Is Stefanson a worthy role model? Premier’s refusal to condemn hateful presentation makes her questionable choice for grad speaker

The premier has gone full-on Cameo.

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The premier has gone full-on Cameo.

For the uninitiated, Cameo is a website where you can buy personalized video messages from famous people for a special occasion, to motivate a group of people, or just for a laugh. For example, although Brian Cox is no longer appearing as the iconic megalomaniac Logan Roy on the hit show Succession, you can get a video of the actor telling your loved ones to f—- off, à la Logan Roy, for C$1,200.

Ah, the memories.

If that’s too pricey, Manitoba Premier Heather Stefanson is offering a better deal: for absolutely nothing, she will record a congratulatory message for your child’s graduating class. “As premier, I would like the opportunity to take part in that milestone,” Stefanson wrote in a letter sent out to more than 250 public and private high schools in the province that are overseeing the graduation of more than 17,000 Grade 12 students.


Premier Heather Stefanson

The premier’s staff assured everyone that the videos were not political in any way, but political observers and opposition parties weren’t buying it.

As most of these graduating students will qualify as first-time voters soon, political scientists flagged this as “quasi-campaigning” and an abuse of the advantages granted to a governing political party approaching an election. Opposition critics howled at the idea that a premier of a government that had underfunded the public school system should be pandering to graduating students.

Aside from having all the hallmarks of shameless, cynical political pandering, there is a bigger issue at stake here — whether the premier is a worthy role model for graduating students.

Stefanson is a veteran elected public official and based on all she has accomplished — including becoming Manitoba’s first female premier — she is by any measurement a bona fide role model. She shouldn’t lose that status just because people disagree with her government’s policies.

The premier’s staff assured everyone that the videos were not political in any way, but political observers and opposition parties weren’t buying it.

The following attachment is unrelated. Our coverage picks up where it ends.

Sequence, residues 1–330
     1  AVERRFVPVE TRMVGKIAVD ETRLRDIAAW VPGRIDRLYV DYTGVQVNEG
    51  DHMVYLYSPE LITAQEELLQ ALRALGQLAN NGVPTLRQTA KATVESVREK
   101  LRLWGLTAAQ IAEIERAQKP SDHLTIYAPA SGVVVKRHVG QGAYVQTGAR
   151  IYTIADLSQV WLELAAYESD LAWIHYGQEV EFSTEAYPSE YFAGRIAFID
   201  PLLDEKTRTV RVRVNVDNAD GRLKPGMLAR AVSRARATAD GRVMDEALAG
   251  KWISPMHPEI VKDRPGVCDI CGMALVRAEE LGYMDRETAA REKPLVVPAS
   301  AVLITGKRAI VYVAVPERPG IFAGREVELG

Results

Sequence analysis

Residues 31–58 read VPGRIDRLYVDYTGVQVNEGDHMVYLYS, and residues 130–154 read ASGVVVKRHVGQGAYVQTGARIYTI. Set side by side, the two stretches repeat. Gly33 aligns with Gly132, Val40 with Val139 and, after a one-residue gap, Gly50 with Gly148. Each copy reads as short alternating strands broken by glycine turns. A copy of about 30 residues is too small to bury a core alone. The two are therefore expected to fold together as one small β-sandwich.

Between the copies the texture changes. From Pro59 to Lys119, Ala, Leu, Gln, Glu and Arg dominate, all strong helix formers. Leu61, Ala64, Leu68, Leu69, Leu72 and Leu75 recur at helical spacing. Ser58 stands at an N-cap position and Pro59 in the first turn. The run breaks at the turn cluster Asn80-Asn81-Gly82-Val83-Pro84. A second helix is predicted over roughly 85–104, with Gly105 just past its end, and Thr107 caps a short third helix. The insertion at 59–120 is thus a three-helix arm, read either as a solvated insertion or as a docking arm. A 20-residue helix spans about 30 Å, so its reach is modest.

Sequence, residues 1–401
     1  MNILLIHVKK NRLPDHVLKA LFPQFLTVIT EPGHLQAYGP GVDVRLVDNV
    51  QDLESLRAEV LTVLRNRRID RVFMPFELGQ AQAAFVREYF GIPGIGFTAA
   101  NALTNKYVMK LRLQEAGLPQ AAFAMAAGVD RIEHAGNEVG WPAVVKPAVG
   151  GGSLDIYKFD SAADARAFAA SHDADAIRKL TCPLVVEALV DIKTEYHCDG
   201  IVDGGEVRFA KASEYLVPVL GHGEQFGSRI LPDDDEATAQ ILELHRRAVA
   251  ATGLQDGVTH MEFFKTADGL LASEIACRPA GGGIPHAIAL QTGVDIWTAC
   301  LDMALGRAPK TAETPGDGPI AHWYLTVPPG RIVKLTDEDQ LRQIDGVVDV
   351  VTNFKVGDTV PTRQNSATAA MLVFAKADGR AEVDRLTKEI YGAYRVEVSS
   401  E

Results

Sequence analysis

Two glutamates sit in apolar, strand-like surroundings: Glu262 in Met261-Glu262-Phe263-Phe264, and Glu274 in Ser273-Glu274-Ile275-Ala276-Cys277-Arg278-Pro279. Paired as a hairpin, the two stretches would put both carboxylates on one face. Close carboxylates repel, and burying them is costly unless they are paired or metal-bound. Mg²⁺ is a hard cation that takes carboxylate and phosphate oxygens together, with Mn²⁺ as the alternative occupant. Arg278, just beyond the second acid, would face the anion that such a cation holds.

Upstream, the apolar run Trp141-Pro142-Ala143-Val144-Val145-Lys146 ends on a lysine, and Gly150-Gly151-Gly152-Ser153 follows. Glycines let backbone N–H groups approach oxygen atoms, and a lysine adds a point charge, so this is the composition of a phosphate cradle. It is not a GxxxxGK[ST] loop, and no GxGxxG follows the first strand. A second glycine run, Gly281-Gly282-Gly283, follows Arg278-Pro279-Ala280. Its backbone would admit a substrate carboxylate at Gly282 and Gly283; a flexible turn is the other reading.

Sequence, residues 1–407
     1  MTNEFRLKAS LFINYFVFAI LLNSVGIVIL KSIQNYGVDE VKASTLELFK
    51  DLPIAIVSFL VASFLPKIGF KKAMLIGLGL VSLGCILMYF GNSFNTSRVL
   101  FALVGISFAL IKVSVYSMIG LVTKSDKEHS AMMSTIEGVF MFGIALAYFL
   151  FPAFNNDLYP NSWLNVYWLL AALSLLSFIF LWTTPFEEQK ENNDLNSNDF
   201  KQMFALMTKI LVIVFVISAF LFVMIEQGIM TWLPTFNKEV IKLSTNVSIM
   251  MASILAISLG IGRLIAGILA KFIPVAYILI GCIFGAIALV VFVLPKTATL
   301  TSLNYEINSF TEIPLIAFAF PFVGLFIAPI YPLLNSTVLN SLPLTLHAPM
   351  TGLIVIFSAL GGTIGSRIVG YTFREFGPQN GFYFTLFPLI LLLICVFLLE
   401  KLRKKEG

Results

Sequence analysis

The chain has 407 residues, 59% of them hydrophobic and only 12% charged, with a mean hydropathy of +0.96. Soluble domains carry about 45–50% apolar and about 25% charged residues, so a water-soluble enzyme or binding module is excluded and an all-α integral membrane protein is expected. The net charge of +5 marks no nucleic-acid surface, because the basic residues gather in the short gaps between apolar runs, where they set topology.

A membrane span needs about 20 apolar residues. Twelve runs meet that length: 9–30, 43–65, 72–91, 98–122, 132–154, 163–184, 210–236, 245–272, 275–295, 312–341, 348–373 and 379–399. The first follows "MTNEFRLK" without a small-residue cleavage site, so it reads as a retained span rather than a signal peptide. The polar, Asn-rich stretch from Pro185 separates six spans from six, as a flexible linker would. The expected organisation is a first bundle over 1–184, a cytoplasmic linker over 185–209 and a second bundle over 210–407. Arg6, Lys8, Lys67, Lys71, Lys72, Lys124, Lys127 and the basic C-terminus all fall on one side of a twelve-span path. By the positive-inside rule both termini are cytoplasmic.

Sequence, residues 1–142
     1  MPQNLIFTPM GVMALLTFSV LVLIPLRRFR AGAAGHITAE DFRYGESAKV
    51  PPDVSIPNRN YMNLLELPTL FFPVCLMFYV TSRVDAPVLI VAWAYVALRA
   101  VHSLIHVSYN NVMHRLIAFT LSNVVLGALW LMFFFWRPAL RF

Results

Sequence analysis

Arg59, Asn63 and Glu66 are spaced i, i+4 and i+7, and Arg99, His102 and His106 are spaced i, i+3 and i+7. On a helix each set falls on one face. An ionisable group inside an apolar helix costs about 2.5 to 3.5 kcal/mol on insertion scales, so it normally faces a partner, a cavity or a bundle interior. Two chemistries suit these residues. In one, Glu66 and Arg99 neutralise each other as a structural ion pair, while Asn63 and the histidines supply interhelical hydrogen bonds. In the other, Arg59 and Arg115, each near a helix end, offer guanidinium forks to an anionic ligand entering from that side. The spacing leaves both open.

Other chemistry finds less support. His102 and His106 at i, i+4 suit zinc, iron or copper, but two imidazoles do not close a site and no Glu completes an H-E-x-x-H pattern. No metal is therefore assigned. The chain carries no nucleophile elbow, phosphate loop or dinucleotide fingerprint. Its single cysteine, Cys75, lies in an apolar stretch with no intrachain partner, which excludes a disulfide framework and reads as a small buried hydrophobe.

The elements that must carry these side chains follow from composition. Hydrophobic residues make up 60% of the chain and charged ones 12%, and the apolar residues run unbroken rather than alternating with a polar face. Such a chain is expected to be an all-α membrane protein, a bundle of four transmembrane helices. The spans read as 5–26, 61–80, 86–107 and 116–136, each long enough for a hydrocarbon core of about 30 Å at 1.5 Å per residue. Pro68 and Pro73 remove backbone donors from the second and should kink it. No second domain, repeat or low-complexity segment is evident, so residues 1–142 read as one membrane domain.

And yet, it is an unfortunate coincidence that in the same week Stefanson made her personalized video offer, she was demonstrating a profound lack of leadership on another pressing issue.

One week ago, a delegation went before the Brandon School Division board to urge trustees to ban materials that touch on sexual health or LGBTTQ+ people.

The lead activist calling for a ban claimed materials including transgender themes were tantamount to child pornography used by pedophiles to groom their victims. These statements were pure hate masquerading as concern and it should have been easy for Stefanson to condemn them.

However, when asked about the issue, Stefanson fell back on an exhausted evasion.

The premier told reporters in Brandon that while she “condemns any kind of hate crime or any kind of criminal activity” directed at the LGBTTQ+ community, decisions about library materials should be “made at the local level.”

Stefanson’s decision to include the words “criminal activity” is worth noting.

Many acts of pure and unadulterated hatred aimed at LGBTTQ+ people — like the grotesque claims made by the Brandon activist — do not meet the standard of criminality. But they are exactly the kind of statements and behaviours that make non-heterosexual youth five times more likely to have suicidal thoughts than their heterosexual peers.

Stefanson’s response was, in a word, pathetic, particularly when you consider that other right-wing politicians in this country have actually done a better job of condemning hate.

Recently, Alberta Premier Danielle Smith, who is fighting an election, condemned one of her candidates for suggesting that transgender children in public schools were tantamount to “poop” in baked goods. It was too late to remove the candidate from the ballot, but Smith disavowed her as a member of the United Conservative Party.

Calling LGBTTQ+ people pedophiles and child pornographers is as bad, if not worse, than likening someone to poop.

Remarkably, Smith, who is arguably the hardest right-wing premier in Canada, unequivocally condemned her candidate’s comments. “The language… regarding children identifying as transgender is simply unacceptable and does not reflect the values of our party or province.”

That leads to a pretty obvious question: If a politician like Smith — who has questioned the value of COVID vaccines, disputed the science behind climate change and diminished the suffering of Indigenous people — can unambiguously condemn hateful comments, why can’t Stefanson?

Some will want to draw a distinction between what the Alberta UCP candidate said and what the activist in Brandon said, but that’s largely a wasted effort. Calling LGBTTQ+ people pedophiles and child pornographers is as bad, if not worse, than likening someone to poop.

Surely a first minister’s role is to protect the vulnerable and condemn any effort to dehumanize them. Offering half-hearted support for LGBTTQ+ people, while at the same time refusing to condemn haters who are attacking them, is more than just a bad look. It’s a dereliction of her duties as premier.

Stefanson is, for many reasons, a legitimate role model. But her refusal to condemn the hateful delegation before the Brandon school board tarnishes her many accomplishments.

And that might not make her the best choice to appear at a graduation ceremony.

Dan Lett

Dan Lett

Born and raised in and around Toronto, Dan Lett came to Winnipeg in 1986, less than a year out of journalism school with a lifelong dream to be a newspaper reporter.

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